We have created a “where’s Parker?” web viewer. To help navigate where our Parker spacecraft will be in the future and to better understand how close to the Sun it will be going, check out our new interactive web tool that we quickly prototyped in a week.
A freshman intern from the US Naval Academy (Abhishek Gorti) worked closely with me over the summer, and we spent a week to prototype a web development tool that everyone can use. All the software to recreate the orbit viewer is open source and available.
As an inspiration from our earlier blog about interactive touch-tables, we used D3 software web development to create an interactive display on the internet for everyone to better understand where the Parker spacecraft is going.
The telemetry data for Parker came directly from the raw orbital information, which was then saved into a simple asii format. The file is available in our open source repo linked above. So feel free to take it to better understand for yourself.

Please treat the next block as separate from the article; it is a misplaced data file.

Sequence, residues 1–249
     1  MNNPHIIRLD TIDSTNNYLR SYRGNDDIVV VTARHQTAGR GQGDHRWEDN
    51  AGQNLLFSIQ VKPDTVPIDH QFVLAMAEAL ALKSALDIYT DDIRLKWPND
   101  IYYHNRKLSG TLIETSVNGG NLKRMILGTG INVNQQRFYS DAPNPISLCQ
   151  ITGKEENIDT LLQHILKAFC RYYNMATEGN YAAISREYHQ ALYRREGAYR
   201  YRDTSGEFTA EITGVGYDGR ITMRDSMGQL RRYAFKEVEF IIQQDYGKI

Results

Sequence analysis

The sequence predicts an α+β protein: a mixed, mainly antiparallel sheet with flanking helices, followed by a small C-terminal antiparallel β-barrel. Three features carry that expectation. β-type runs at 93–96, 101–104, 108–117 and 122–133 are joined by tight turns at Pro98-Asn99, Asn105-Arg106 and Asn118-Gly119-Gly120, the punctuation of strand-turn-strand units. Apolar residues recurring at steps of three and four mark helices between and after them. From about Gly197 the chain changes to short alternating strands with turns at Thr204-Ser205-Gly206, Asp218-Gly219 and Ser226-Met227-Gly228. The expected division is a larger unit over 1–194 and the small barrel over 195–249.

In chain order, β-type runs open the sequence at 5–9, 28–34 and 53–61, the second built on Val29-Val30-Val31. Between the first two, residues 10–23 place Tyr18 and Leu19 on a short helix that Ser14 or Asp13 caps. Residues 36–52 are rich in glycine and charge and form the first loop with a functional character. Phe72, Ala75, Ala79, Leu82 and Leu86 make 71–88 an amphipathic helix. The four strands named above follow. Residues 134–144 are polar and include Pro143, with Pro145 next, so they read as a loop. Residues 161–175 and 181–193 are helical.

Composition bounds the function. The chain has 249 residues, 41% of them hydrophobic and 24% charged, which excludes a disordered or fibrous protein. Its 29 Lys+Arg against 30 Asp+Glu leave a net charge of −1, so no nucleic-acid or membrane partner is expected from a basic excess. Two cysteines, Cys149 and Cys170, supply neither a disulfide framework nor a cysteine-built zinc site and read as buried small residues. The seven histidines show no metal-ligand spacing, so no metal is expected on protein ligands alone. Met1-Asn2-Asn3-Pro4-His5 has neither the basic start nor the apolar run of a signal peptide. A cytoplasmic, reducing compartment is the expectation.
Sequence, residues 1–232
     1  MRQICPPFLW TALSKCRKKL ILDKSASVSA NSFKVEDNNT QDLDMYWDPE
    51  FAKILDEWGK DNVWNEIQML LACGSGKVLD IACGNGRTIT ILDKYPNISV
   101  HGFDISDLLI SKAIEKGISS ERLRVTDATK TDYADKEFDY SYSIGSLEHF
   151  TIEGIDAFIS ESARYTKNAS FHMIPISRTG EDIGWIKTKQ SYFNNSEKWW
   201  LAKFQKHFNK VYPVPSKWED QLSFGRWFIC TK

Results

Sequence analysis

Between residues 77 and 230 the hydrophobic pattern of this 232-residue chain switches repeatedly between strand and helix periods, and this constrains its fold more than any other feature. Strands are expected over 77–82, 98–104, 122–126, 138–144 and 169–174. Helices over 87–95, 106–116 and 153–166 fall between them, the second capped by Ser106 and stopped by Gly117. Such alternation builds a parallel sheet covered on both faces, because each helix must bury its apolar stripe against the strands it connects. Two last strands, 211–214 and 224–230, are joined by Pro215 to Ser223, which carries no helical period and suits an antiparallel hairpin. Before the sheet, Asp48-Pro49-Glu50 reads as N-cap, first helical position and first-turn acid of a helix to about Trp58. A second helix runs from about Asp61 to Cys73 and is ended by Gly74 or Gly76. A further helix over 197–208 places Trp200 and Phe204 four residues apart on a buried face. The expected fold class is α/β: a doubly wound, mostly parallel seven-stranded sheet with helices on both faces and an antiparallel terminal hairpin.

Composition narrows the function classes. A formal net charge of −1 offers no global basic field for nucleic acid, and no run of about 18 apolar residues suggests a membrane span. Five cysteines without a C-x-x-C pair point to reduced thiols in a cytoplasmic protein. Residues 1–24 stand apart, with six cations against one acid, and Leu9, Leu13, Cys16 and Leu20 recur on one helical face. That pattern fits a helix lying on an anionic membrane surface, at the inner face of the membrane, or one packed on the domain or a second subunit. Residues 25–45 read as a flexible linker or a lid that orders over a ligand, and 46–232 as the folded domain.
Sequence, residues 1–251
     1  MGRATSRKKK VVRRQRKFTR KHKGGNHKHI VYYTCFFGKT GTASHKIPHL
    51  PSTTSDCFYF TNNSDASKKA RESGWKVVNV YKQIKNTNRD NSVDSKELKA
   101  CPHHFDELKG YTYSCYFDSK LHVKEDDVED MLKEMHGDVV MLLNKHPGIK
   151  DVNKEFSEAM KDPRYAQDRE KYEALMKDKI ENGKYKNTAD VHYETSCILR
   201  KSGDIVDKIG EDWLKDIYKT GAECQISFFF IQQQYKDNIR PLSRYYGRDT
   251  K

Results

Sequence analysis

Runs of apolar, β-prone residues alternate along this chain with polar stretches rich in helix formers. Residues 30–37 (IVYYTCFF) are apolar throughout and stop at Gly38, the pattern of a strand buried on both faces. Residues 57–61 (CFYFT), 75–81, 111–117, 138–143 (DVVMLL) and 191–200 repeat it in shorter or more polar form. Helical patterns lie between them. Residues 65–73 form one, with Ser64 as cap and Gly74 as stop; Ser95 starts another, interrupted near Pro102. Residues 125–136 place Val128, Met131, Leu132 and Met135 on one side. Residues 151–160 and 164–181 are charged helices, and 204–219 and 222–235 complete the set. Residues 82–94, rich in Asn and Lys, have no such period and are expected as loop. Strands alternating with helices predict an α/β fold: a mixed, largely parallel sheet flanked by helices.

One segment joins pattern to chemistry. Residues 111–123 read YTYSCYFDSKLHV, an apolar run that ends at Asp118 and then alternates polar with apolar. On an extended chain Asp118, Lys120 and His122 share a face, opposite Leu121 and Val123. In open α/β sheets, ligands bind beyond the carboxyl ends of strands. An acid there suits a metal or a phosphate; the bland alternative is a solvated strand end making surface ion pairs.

What other features do you think would be really cool to add? Anyone brave enough to take our repo and add something on top, maybe a circle where the planets, Venus and Mercury, are located? Let us know how you get along!!
The first mission to touch the Sun – Parker Solar Probe – will be launching in less than a month! We are beginning our month long campaign to focus on supporting all the great NASA scientists working on the Parker Solar Probe mission. First, Parker in Virtual Reality!
Over the next month we will demo a wide range of technologies related to the Parker mission. From 3D printers to touch-tables and Virtual Reality.
Absolutely not!! Sure you can find a specialist developer for gaming engines like Unity or Unreal to beautifully design programs specially for interactive multi-touch tables. But simple web design features can make touch tables a real joy to work with.
A NASA intern recently tried making a cube of LED lights flash different colors using Arduino Uno microcontroller. If you are as excited with hacking new technology as we are in the STEM Innovation Lab, then we would love to hear more from you!